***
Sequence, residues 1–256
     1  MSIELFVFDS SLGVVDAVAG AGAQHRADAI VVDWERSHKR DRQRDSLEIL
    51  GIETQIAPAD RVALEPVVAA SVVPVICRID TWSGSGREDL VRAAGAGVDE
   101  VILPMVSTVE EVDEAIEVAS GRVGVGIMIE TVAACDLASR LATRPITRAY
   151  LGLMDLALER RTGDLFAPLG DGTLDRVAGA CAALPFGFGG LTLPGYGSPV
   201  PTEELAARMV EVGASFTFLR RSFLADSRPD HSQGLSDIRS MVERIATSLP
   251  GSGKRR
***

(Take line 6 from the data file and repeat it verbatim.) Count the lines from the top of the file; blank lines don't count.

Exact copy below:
   201  PTEELAARMV EVGASFTFLR RSFLADSRPD HSQGLSDIRS MVERIATSLP